“Organizations often hire a diversity officer to address race and equity issues,” says Howell, who is also the Founder, Executive Partner and Chief Consulting Officer of Firm 9, LLC, a multiservice professional consulting firm. “I view the diversity officer as the ‘coach’ — facilitating initiatives, allocating resources and serving as an advocate to management. But the diversity committee really is the engine, or the ‘team,’ that drives efforts and creates meaningful action. It is the force multiplier within the organization that shapes awareness, builds empathy and creates a positive environment.”
Law firms need to be expansive in how they define and build their diversity committees. The legal profession remains largely hierarchical. Step back and examine your entire workforce, lawyers and staff. Work to address discrimination of all types — based on race, gender identity or expression, sexual orientation, age, disability, national origin, religion or class. Then identify people who can speak to those issues.
“Recognize your privilege and use it to help — not diminish — those who are less advantaged. Lean in with honesty, and don’t assume you know what a diverse person wants or needs,” says Howell. “It’s better to listen than to be heard. Ask for help, be willing to share power and continue to educate yourself!”
ALA is making an ongoing commitment to diversity, equality, inclusion and accessibility (DEIA) as part of its new strategic direction. If there is a topic related to DEIA that you’d like to see covered — or if there is an area we are falling short in our coverage — please email suggestions to [email protected]. For more resources on this topic, visit alanet.org/resources/diversity.
About the Author
Paula Tsurutani is a senior-level strategic communications writer and editor who works with organizations in the legal profession, the arts and higher education.
Post-Pandemic Priorities: Reassess Your Target Markets
Yay! At long last we are finally seeing light at the end of the pandemic tunnel. With increasing vaccinations, many law firms, technology companies and service providers are slowly moving back from remote work to in-person environments. But are we really going back to normal?
Marketing/PR Consultant Edge Marketing
In some ways, yes. In other ways … not exactly.
As we navigate our way toward what will surely be a new normal, now is a good time to pause and recognize the things that may have changed permanently.
START WITH A SELF-ASSESSMENT
Reevaluating current conditions starts with a self-assessment. Questions to consider may include:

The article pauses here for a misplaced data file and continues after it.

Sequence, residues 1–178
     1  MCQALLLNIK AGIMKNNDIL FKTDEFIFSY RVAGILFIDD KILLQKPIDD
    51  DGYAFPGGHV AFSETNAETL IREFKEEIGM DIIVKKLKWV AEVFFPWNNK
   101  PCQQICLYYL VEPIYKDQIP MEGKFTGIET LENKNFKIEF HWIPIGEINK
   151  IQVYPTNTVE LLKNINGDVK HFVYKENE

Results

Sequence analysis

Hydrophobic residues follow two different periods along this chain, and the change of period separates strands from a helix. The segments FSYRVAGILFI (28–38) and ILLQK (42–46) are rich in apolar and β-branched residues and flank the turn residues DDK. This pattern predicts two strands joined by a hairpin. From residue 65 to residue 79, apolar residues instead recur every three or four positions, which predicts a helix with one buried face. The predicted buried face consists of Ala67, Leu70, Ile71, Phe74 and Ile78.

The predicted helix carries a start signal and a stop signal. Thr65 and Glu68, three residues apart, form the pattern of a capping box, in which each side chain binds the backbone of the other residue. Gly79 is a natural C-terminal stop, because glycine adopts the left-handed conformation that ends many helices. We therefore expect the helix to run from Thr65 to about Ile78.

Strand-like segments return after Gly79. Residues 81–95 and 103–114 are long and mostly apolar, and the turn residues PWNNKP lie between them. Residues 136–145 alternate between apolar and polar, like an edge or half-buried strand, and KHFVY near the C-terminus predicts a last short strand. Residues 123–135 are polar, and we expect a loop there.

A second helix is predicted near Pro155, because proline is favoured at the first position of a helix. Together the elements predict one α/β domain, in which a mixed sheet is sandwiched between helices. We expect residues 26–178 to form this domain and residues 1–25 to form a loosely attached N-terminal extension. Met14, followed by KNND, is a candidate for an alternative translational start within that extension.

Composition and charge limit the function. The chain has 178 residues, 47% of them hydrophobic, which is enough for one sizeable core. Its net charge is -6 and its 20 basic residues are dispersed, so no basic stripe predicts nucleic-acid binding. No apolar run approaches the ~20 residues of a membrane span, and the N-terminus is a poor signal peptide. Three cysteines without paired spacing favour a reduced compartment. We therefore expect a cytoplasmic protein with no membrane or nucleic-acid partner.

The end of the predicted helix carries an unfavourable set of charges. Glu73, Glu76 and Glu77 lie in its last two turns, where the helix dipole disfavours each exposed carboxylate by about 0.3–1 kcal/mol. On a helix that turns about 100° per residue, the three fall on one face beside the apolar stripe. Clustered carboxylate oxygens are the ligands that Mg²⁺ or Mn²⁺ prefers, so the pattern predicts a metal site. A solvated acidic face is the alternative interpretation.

What has changed with respect to your organization’s goals/objectives, its priorities, its values and its mission?
Have any roadmaps or expansion schedules been altered? Are they simply delayed, or have they been modified significantly?
Many firms and companies were forced to adjust their service delivery operations last year ― will any of those changes be adopted permanently?
Were impacts to your 2020 marketing and PR budgets carried over to this year, and how is that informing decisions for the remainder of this year and for 2022?
Does your department or the team you rely on to help execute strategies and tactical plans look different from the resources you had in place pre-COVID-19?
After taking an honest look at your own situation, consider the market at large. Remote work and various aspects of dealing with the pandemic have dominated conversations for more than a year, but as we move forward, what trends are getting attention now?
What areas have seen an uptick in activity? Cloud technology usage, remote offices and virtual meetings, and virtual or hybrid trade shows are prevalent adaptations to the pandemic. Now is a good time to think about where we’ve seen accelerated technology adoption to ensure smoother and more efficient communication, operations and promotion. Which of those trends are here to stay?
After looking inward and at the broader market, it’s also crucial to reassess your target audience(s) and understand how the pandemic has impacted your clients and prospects. What has changed for them?
OTHER KEY QUESTIONS
As with your self-assessment, there are some key questions to consider with respect to your targets:
Are their priorities and pain points the same as they were pre-COVID-19?
Have they modified operations or how they deliver products or services?
What technology or resource changes did they adopt to support remote work?
Are they back in offices or still working remotely?
An important question to consider is not just which of those changes may be permanent, but whether or how those changes will influence the buying process. Are the same departments or individuals as before still influencers or responsible for the same level of decision-making? Many organizations have modified their purchasing and operations protocols, so understanding how this might affect your sales or marketing efforts is especially important.
“As we navigate our way toward what will surely be a new normal, now is a good time to pause and recognize the things that may have changed permanently.”
Essentially, now is the time to reexamine everything you know about your target audience(s). You will need to reassess your own public relations and marketing strategies based on the changes your audiences have experienced.
To ensure you’re still reaching the right targets with the right messaging through the right channels, start with some basics:
Revisit buyer personas:
Who are you talking to, and are they the same people as before?
Are your buyer demographics different?
What are their responsibilities and have those changed?
How do they define success in their roles?
Has your value proposition changed?
Do your key messages still effectively communicate your value proposition, and do they resonate with target audience(s)?
Are the channels used to communicate with your audiences the same as pre-pandemic?
For some organizations, perhaps very little has shifted. But for others, going through this exercise may uncover a number of adjustments that are necessary to keep your marketing and PR strategies successful through 2021 and beyond.
About the Author
Jennifer Marsnik is a Marketing/PR Consultant with Edge Marketing (formerly Edge Legal Marketing), where since 2007, she’s been specializing in helping clients develop and implement strategic plans that support their overall business goals. She lives in the Twin Cities area with her husband and two daughters and enjoys golf and cheering on the Twins, Vikings and U of M Gophers.